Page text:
Ohio's GOP-controlled Legislature passed a series of measures this week that could make it harder to amend the state constitution to protect abortion rights.
Ohio voters will now head to the polls on Aug. 8 to decide whether to raise to 60% the threshold of support required for passage of ballot measures that amend the state constitution. Currently, just a majority is needed.
Reproductive rights groups contend the move is explicitly designed to make it more difficult for voters to pass a proposed amendment set to be on the ballot in November that would enshrine abortion rights in the Ohio Constitution.
Voters will also decide whether groups trying to place ballot measures must obtain signatures from voters in all of Ohio’s 88 counties, instead of the 44 now required.
Because the measures were adopted through a joint resolution, they don't require the governor's signature.
The Republican-led moves came just weeks after reproductive rights groups in the state cleared several key hurdles on their own path to get their measure on the ballot in November.
While the measures passed this week don’t explicitly mention abortion, reproductive rights groups maintain that the effort to raise the threshold is aimed at upending their efforts to pass their own ballot measure this November.
If voters pass the threshold measure in August, then the proposed amendment in November to enshrine abortion rights would need 60% of voters to pass. If it fails in August, it would need just a majority.
“This is essentially just a way to cheat the system. It is pretty clear this initiative is coming from anti-choice extremists within the Ohio legislature with the goal of finding a way to change the rules so that Ohioans themselves don’t get a vote in how they want to govern their bodies,” said Dr. Marcela Azevedo, the president and founder of Ohio Physicians for Reproductive Rights, a group that has led efforts among reproductive rights groups in the state for nearly a year.
Several groups opposing the latest measures, including the League of Women Voters of Ohio and the Ohio Voter Rights Coalition, immediately announced efforts to boost voter turnout in and awareness around the August election to help defeat the proposal.
Republican supporters of the freshly passed measures have said they would protect the state constitution from efforts seeking to change it funded by out-of-state “special interests.”
“They’re literally trying to rig it to change the rules,” Azevedo said. “They just know that they can’t win under the rules.”
Raising the threshold for passage of any future constitutional amendments, however, would mark a major shift in the state’s procedures: the simple majority required to pass a proposed constitutional amendment has been in place in Ohio since 1912.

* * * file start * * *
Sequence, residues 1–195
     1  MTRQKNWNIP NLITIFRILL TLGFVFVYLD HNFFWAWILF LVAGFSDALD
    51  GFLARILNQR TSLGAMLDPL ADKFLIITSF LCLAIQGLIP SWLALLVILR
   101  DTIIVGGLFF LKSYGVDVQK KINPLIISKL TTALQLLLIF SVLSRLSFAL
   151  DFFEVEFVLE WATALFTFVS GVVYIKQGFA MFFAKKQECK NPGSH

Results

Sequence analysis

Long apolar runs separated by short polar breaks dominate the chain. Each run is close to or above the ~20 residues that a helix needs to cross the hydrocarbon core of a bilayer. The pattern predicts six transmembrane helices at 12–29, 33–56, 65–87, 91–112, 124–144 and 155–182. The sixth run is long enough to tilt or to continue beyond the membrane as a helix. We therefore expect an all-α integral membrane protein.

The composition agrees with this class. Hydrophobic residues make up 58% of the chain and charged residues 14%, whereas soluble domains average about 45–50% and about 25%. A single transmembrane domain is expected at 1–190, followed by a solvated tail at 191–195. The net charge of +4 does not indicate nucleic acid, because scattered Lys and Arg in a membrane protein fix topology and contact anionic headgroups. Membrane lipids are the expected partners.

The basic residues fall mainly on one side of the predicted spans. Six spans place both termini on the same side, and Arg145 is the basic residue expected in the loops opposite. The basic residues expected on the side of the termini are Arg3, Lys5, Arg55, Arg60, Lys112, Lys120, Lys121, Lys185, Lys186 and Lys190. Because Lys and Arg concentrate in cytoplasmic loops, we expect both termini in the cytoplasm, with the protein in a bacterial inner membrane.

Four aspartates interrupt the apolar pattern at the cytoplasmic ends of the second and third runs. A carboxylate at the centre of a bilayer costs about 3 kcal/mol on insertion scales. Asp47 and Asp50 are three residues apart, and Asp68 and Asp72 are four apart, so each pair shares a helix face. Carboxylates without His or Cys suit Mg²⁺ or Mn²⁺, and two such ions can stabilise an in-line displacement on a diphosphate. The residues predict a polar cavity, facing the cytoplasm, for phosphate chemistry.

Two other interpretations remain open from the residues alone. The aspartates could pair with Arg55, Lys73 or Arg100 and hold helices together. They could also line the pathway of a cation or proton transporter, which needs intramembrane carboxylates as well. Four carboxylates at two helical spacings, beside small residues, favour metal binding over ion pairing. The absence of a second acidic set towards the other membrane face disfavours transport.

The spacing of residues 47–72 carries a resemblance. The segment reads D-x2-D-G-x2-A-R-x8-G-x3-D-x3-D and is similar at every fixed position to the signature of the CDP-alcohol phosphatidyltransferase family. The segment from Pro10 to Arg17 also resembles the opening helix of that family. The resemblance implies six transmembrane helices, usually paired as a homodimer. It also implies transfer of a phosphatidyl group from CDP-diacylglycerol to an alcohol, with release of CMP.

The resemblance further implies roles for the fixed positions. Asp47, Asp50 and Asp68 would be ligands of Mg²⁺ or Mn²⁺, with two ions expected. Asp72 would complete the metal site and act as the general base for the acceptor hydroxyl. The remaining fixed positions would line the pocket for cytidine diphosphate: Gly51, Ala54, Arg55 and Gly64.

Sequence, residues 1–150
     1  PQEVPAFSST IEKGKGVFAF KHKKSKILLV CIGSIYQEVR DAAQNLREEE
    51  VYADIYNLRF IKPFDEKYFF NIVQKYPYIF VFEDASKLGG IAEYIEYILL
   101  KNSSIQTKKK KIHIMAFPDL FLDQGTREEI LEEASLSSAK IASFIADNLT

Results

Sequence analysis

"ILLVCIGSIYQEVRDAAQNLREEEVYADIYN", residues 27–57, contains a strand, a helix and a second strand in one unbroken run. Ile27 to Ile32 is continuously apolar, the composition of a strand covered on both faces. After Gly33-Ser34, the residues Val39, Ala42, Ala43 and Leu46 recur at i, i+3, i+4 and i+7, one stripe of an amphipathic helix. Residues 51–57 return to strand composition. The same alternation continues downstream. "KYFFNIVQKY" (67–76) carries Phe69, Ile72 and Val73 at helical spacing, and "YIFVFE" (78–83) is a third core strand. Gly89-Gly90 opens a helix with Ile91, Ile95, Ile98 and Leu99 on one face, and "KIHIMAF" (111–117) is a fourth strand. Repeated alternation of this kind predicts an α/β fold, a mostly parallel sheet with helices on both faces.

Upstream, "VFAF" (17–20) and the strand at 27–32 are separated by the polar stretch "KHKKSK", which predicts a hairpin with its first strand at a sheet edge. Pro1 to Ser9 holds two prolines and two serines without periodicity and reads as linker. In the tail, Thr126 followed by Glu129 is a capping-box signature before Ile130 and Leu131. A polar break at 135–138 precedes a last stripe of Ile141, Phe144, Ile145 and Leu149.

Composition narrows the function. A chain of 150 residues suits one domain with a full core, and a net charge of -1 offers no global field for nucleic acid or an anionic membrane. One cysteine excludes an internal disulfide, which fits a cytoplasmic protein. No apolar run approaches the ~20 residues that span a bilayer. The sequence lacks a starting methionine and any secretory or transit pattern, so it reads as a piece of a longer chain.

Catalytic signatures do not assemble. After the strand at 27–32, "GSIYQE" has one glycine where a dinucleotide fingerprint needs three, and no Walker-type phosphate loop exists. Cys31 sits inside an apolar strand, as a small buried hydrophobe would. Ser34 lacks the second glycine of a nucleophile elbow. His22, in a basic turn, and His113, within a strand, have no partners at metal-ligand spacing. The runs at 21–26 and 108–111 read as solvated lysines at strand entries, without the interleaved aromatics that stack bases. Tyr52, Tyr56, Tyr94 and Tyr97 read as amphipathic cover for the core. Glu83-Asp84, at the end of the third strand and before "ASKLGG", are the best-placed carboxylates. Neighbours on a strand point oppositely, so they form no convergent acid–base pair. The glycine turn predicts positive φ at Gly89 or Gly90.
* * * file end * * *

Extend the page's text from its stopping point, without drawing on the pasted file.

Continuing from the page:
Public polling has shown that about 59% of Ohio voters support enshrining abortion rights in the state constitution — a level just shy of the newly proposed raised threshold.
Ohio Physicians for Reproductive Rights’ proposed measure would insert language in the state constitution that enshrines the right of every individual "to make and carry out one’s own reproductive decisions,” including regarding contraception, fertility treatment, continuing one’s own pregnancy, miscarriage care and abortion. It also specifies that the state shall not "burden, penalize, prohibit, interfere with, or discriminate against” those rights.
The proposed amendment specifies that abortion may be prohibited after fetal viability, but it includes exceptions to protect the mother's life or health.
The proposed amendment has already been approved by the state attorney general and Ballot Board.
The group has until July 5 to collect about 413,000 valid signatures — 10% of the total votes cast in the latest governor's race, under Ohio law — across at least 44 of the state’s 88 counties to have the amendment placed. Azevedo said the coalition is “right on target.”
The proposed amendment is designed to counteract Ohio’s “heartbeat bill,” which snapped back into place immediately after the Supreme Court overturned Roe v. Wade last summer. That law, which effectively bans most abortions — but includes exceptions for the health of the pregnant woman and in cases of ectopic pregnancies — remains temporarily blocked by a state judge.
Efforts in Ohio to use the state constitution to protect abortion rights mirror ones across the U.S. in the year since the Supreme Court overturned Roe v. Wade.
Energized by a perfect record on ballot measures in the midterm elections, reproductive rights groups quickly set their sights on planning citizen-led ballot initiatives that would enshrine abortion rights in the constitutions of 10 states this year.
Just as rapidly, however, Republican-led legislatures began trying to curb the ability of citizens and other lawmakers to place ballot measures — a move progressive groups say is explicitly aimed at making it difficult to give voters in red and purple states direct say over major issues such as abortion rights.